As you can see, the stitching is not as beautiful as I would have liked but  my only defense for that is that my old machine (from the 1980’s) was acting up. I added a zippered pocket on the inside, and used a heavyweight non-woven fusible interfacing on the bag lining. The instructions call for interfacing on the outside bag and the lining but my outside fabric was pretty sturdy (a corduroy home decor remnant that I bought years ago when I worked in a fabric shop) so I skipped that. I used a mystery rayon fashion fabric for the lining and it was kind of finicky because it was slippery. The fabrics kept unraveling so I used a zigzag stitch for most of the construction to limit fraying. I hand stitched blue bias tape along the top bands for a decorative finish.

I love that the instructions for pleating are all up to the individual stitcher, that way you can personalize the design details to suit your taste. There are no closures but it should be easy enough to include them as you like. Be warned that this bag is incredibly roomy (my mom used it as a weekender bag) and if you’re looking for something smaller you can scale it down.

Not all the projects are this time-efficient and while I would love to make my own suitcase, it just seems like a project I’d start and never finish because of all the details. Some of the other projects that caught my eye in this book were a laptop bag, beachbag, and cute circle shaped cross-body bag. All in all, I absolutely love this book and would actually like to make every single project in it if I didn’t get so distracted by other projects (hehe). I highly recommend it to an intermediate sewer (if sewing bags is your thing), only because an absolute beginner might have some trouble figuring out the pattern diagrams, but that being said, if you love it as much as I do just dive in and make it  regardless of where you are with sewing because the projects are practical and extremely well constructed and you’ll build on your skills.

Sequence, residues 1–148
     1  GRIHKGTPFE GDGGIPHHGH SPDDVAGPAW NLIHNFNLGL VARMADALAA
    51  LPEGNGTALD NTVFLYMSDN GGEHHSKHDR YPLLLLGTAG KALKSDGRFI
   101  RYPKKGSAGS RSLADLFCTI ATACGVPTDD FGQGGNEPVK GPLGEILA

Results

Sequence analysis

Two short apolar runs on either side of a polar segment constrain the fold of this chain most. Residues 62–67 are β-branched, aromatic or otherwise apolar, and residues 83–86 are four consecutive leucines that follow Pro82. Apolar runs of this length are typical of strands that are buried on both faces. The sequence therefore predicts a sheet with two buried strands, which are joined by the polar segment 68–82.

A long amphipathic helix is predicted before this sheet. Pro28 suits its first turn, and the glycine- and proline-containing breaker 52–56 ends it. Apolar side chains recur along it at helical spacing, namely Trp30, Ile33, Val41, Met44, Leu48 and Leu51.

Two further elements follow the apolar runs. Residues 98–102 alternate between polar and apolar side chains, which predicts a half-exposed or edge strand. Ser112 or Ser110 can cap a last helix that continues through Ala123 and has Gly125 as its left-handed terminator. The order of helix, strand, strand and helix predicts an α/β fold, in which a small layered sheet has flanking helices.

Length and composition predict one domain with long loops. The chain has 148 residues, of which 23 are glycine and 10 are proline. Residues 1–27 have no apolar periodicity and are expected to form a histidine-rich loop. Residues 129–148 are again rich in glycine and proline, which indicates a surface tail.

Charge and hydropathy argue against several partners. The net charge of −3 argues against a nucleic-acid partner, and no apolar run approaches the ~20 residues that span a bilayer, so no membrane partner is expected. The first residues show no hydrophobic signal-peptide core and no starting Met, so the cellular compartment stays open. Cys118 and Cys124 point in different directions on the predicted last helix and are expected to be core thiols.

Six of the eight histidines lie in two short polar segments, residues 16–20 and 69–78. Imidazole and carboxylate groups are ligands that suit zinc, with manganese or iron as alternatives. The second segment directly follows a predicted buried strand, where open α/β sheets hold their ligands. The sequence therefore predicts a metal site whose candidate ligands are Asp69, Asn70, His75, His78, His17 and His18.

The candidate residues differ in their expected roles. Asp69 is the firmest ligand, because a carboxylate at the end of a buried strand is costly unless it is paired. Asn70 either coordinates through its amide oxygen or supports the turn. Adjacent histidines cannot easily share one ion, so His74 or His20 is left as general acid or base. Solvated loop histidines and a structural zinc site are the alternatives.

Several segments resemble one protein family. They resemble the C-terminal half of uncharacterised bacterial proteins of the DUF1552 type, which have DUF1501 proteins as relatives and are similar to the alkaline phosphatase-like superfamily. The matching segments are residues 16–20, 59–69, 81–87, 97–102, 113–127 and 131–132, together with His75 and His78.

I wish I had taken pictures of the inside of the book and time to make more of the projects  in it but I borrowed the book from the library and didn’t get around to it before it was due back. Ah well, I’ll probably end up buying it anyways!

First blog post and two completed dresses!

I’m so excited to be posting my first entry! To celebrate I thought I’d share two projects I recently completed for a client of mine who is also the model for my pictures. She has a total hourglass figure and sewing for her was such a pleasure as the finished dresses drape so beautifully on her! As always, I followed the steps in sewing patterns and they were easy as pie. This was also my first time sewing with polyester knit fabric, I’ve always been wary of knits because I don’t have a serger yet but I’m not afraid anymore! Hemming was kind of tricky because polyester knit’s aren’t easy to press and they keep rolling around under the presser foot, so I used fusible hem tape  before finishing the hems and I highly recommend it to others.

The first one is McCalls M6070. I made this for her to wear to her niece’s baptism. I made minor changes by using a single piece of  2 inch elastic in the midriff waistband casing instead of two 1/4 inch pieces at the top and bottom of the band like the pattern called for.

Don’t you just love the way the design details on her shoes match perfectly with the print? It really complements her dress!

And the second one was for the same client, I used New Look 6936 and a polyster knit print (so easy to sew!) You can’t see it but I added a satin ribbon casing on the inside of the waistband for added comfort.

All images property of Beautifully Sewn, 2011

Her pose reminds me of a 1950’s model, so classic!

And there you have it, my first foray into beautiful sewing with knit polyester fabric!

Stay tuned for more projects, tips, and tutorials (there is one currently underway). I know its a bit bare at the moment but I’ll add some more stuff in the coming days. Thanks for stopping by!

Please don’t distribute my images without acknowledging me and my blog. I don’t mind if you like my work and want to show others but  just credit me and link back to the original post, please and thank you.